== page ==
According to a July report by the State Department, Russia has continued to expand it’s “low-yield theater and tactical nuclear weapons,” while the U.S. retired it’s last sea-launched nuclear cruise missile (SLCM-N) in 2010, when the U.S. entered in the New START treaty with Russia that aimed to reduce nuclear arsneals.
The report notes that Russia is potentially relying on the U.S.’s lack of nuclear “first-use weapons” as a strategic "coercive advantage" -- meaning the U.S. would not be able to respond to the use of low-yield theatre warfare without drastically escalating the conflict.
The 2018 Nuclear Posture Review has called for the U.S. to increase their nuclear ballistic arsenals in order to rise to Russia’s level of nuclear deterrence, according to the U.S. Department of Defense.
China is also reportedly beefing up their tactical nuclear capabilities, which would allow them to more easily invade another country, as Russia did in 2008 in Georgia and 2014 in Crimea.
“Developing and fielding SLCM-N signal the leaders of nuclear competitors in a concrete way that the United States has the capability and will to maintain operationally effective nuclear options to deter regional aggression,” the report said.
Pentagon officials announced earlier this year a contract with the United Kingdom to add a controversial W93 nuclear warhead to each country’s nuclear arsenals.
Security officials have said the warhead would be the next-generation submarine-launched ballistic missile (SLBM), a program that is expected to cost $14 billion.
"There is no time to waste when updating the nuclear triad," Ranking member of House Armed Services Subcommittee on Strategic Forces, Rep. Mike Turner, R-OH told Fox News. "The United Kingdom in particular is reliant on the success of the W93 modernization program."
"Furthermore, our allies are counting on us to follow through on our commitments and to keep our nuclear deterrent up to date," he added.
In press conference Tuesday, Chinese Foreign Ministry spokesperson Wang Wenbin criticized the U.S. push to develop nuclear arms.
“Since its pullout of the INF Treaty one year ago, the U.S. has kept quitting more international treaties and organizations,” Wenbin told reporters Tuesday.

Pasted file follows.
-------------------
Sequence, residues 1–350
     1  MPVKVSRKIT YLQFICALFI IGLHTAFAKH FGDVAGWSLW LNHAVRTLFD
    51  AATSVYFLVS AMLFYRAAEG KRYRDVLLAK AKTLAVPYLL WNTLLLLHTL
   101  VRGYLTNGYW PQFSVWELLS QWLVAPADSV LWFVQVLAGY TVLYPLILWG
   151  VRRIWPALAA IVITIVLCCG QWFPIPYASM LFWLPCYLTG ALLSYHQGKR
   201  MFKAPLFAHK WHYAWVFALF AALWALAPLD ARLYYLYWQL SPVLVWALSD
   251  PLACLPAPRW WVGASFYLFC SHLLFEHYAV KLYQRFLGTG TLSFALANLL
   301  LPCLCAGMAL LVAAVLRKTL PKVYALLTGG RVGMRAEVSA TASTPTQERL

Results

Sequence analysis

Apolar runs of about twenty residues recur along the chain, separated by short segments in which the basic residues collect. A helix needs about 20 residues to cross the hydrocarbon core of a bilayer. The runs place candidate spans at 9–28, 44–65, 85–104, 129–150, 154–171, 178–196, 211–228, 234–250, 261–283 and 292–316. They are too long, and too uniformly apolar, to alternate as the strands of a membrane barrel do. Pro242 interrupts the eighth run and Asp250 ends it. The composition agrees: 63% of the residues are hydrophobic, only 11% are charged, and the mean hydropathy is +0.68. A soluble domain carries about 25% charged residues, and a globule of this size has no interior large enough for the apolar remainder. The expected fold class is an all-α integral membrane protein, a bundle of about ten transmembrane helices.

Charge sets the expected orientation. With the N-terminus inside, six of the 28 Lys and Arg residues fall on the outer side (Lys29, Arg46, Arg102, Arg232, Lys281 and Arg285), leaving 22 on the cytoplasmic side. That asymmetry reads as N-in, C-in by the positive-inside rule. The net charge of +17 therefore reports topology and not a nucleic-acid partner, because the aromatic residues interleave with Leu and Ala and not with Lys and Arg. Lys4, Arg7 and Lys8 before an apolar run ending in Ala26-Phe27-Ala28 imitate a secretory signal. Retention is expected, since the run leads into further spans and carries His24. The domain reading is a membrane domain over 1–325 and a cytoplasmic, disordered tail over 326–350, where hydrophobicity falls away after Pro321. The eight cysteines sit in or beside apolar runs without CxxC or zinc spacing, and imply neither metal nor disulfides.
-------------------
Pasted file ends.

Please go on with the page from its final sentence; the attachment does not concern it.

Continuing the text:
“It has announced decisions to unsign the Arms Trade Treaty (ATT), withdraw from the Open Skies Treaty, unilaterally loosen its standards on Unmanned Aerial Systems (UAS) export control as a Missile Technology Control Regime (MTCR) member state, and has not agreed to extend the New START Treaty yet,” he outlined.
The U.S. is attempting to pressure Russia into getting China to sign a nuclear arms agreement between the U.S., Russia and China. Russia has said they will sign to extend the START treaty without conditions, but that they will not pressure another country.
If the U.S. does not agree to extend the original contract with Russia, it will be the first time that the two Cold War era countries were not in a nuclear arms agreement since 1987.
Disarmament and nuclear nonproliferation officials are worried that the repercussions of a treaty fallout could cause another nuclear arms race. The treaty expires Feb. 2021.
“The above-mentioned negative measures of the US have seriously undermined regional and global peace and security, impacted the international arms control and disarmament process, weakened mutual trust between major countries, damaged global strategic stability,” Wenbin told to reporters Tuesday.
Wenbin said the U.S. has “exposed its true intention of pursuing unilateralism and seeking military hegemony."
But U.S. security officials have argued that by re-developing smaller tactical warfare missiles, it “will lower the risks of nuclear conflict, bolster the confidence of allies and restore a degree of balance in non-strategic nuclear weapons that could create conditions more conducive to addressing this category of forces through arms control.”